Relay race facts for kids

Kids Encyclopedia Facts
Gold Relay UK WOC 2008-crop
World Orienteering Championship 2008 gold medal winners in relay

A relay race is a racing competition where members of a team take turns completing parts of racecourse or performing a certain action. Relay races take the form of professional races and amateur games. Relay races are common in running, orienteering, swimming, cross-country skiing, biathlon, or ice skating (usually with a baton in the fist). In the Olympic Games, there are several types of relay races that are part of track and field.

Relays in swimming

Swimming relay exchange
Swimmers about to make the pass during a relay race

A swimming relay of four swimmers usually follows this strategy: second-fastest, third-fastest, slowest, then fastest (anchor). However, it is not uncommon to see either the slowest swimmer racing in the second slot (creating an order of second-fastest, slowest, third-fastest, and then fastest), or an order from slowest to fastest (an order of slowest, third-fastest, second-fastest, fastest).

FINA rules require that a foot of the second, third or fourth swimmer must be contacting the platform while (and before) the incoming teammate is touching the wall; the starting swimmer may already be in motion, however, which saves 0.6–1.0 seconds compared to a regular start. Besides, many swimmers perform better in a relay than in an individual race owing to a team spirit atmosphere. As a result, relay times are typically 2–3 seconds faster than the sum of best times of individual swimmers.

In medley swimming, each swimmer uses a different stroke (in this order): backstroke, breaststroke, butterfly, and freestyle, with the added limitation that the freestyle swimmer cannot use any of the first three strokes. At competitive levels, essentially all freestyle swimmers use the front crawl. Note that this order is different from that for the individual medley, in which a single swimmer swims butterfly, backstroke, breaststroke, and freestyle in a single race, in that order.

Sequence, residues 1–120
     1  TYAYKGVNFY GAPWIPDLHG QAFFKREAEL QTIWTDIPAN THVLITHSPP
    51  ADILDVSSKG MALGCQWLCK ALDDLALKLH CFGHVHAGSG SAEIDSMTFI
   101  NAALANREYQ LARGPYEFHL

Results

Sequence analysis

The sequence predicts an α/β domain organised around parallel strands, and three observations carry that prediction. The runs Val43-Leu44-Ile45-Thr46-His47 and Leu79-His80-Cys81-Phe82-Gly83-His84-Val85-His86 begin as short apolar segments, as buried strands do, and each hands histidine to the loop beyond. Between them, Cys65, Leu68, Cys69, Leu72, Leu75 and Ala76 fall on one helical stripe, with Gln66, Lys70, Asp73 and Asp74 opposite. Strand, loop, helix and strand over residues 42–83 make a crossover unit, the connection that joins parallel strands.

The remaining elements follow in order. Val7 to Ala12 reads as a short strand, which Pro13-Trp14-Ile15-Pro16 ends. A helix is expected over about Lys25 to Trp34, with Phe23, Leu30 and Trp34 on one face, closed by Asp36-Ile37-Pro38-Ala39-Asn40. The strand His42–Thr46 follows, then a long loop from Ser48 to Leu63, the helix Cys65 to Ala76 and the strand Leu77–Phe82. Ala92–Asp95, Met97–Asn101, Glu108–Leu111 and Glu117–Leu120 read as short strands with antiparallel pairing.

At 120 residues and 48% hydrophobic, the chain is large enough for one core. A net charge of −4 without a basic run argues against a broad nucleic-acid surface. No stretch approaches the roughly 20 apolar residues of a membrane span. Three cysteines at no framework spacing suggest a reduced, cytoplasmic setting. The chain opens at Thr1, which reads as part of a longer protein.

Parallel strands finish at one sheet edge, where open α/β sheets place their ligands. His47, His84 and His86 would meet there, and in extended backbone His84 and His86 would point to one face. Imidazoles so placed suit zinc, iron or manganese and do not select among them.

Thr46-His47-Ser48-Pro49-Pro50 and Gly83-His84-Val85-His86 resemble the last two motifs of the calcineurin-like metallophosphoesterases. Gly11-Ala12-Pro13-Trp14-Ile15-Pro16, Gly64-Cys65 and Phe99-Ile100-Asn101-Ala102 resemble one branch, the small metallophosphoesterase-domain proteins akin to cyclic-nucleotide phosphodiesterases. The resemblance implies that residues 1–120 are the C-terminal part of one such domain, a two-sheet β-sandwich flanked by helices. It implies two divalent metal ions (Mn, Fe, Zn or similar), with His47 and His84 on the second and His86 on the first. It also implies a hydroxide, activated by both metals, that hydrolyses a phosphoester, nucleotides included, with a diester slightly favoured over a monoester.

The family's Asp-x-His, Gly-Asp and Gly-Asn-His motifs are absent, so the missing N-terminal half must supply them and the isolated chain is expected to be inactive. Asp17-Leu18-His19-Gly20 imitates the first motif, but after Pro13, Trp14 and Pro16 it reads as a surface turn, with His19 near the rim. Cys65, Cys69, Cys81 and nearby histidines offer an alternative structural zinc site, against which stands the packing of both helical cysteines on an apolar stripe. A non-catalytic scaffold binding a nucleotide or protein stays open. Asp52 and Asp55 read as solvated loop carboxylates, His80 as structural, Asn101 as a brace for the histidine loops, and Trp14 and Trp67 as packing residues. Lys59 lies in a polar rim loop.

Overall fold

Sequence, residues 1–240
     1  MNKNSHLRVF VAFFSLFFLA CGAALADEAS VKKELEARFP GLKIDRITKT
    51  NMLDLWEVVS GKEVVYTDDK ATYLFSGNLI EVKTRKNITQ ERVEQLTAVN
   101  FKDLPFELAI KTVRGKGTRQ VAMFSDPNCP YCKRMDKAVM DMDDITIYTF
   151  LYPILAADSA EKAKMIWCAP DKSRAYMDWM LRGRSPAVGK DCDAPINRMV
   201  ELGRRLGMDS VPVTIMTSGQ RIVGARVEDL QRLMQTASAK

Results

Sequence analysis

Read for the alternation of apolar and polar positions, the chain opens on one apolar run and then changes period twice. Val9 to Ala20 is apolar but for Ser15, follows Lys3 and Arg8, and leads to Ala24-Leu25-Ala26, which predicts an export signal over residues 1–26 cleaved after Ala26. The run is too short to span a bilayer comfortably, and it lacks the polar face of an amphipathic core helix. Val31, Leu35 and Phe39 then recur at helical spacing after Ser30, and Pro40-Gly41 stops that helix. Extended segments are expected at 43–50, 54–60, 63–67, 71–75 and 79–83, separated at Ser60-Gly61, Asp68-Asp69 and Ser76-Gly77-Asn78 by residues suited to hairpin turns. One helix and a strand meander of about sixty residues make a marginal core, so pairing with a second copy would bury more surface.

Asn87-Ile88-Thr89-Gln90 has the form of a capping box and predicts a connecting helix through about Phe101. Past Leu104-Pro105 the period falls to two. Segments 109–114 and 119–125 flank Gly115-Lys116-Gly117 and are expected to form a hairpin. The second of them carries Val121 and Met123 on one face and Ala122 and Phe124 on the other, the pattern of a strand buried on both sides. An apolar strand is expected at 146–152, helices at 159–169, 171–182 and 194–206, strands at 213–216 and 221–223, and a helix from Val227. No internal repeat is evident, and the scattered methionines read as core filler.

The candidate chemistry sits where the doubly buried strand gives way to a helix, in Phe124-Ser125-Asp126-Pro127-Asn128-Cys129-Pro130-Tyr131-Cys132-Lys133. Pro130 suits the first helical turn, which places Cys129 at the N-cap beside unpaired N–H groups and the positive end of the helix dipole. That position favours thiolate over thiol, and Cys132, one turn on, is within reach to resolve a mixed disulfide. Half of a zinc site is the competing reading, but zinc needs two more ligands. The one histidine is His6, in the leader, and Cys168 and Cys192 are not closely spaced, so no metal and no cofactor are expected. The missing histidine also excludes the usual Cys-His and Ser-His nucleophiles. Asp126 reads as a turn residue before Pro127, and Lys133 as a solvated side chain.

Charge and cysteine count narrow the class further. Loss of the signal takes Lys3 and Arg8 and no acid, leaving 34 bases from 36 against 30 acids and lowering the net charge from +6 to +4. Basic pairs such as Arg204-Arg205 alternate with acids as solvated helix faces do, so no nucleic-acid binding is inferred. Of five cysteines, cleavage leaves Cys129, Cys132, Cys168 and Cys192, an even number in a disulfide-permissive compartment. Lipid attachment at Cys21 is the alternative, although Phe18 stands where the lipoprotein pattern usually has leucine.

The three standard relays raced at the Olympics are the 4 × 100 m freestyle relay, 4 × 200 m freestyle relay and 4 × 100 m medley relay.

Mixed-gendered relays were introduced at the 2014 FINA World Swimming Championships (25 m) (4 × 50 m freestyle and medley) and the 2015 World Aquatics Championships (4 × 100 m freestyle and medley). The event will debut at the 2020 Summer Olympics (4 × 100 m medley).

In open water swimming, mixed-gendered relays were introduced at the 2011 World Aquatics Championships (4 × 1250 m).

Relays in athletics

Flickr cc runner wisconsin u
A final-leg runner for the University of Wisconsin

In athletics, the two standard relays are the 4 × 100 metres relay and the 4 × 400 metres relay. 4 × 200, 4 × 800, and 4 × 1500 m relays exist as well, but they are rarer. Mixed-gendered 4 × 400 metres relays were introduced at the 2017 IAAF World Relays, repeated at the 2018 Asian Games, and will be added to the 2019 World Championships in Athletics and 2020 Summer Olympics. In addition, a 2 × 2 × 400 m and shuttle hurdles mixed relay races were introduced at the 2019 IAAF World Relays.

Traditionally, the 4 × 400 m relay finals are the last event of a track meet, and is often met with a very enthusiastic crowd, especially if the last leg is a close race. It is hard to measure exact splits in a 4 × 400 (or a 4 × 100) relay. For example, if a team ran a 3-minute 4 × 400, it does not mean every runner on the team has to run a 45-second open 400, because a person starts accelerating before he/she has the baton, therefore allowing for slightly slower overall open 400 times. A 4 × 400 relay generally starts in lanes for the first leg, including the handoff. The second leg then proceeds to run in lanes for the first 100 metres, after which point the runners are allowed to break into the first lane on the backstretch, as long as they do not interfere with other runners. A race organizer then puts the third-leg runners into a line depending on the order in which they are running (with the first place closest to the inside). The faster teams pass first, while the slower teams have to slide in to the inside lanes as they come available.

According to the IAAF rules, world records in relays can only be set if all team members have the same nationality.

Other pages

  1. Middle distance race
  2. Long distance race
  3. Walking race
  4. Hurdle race
  5. Sprint
  6. Steeplechase
  7. Cross-country race
  8. Marathon

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Relay race Facts for Kids. Kiddle Encyclopedia.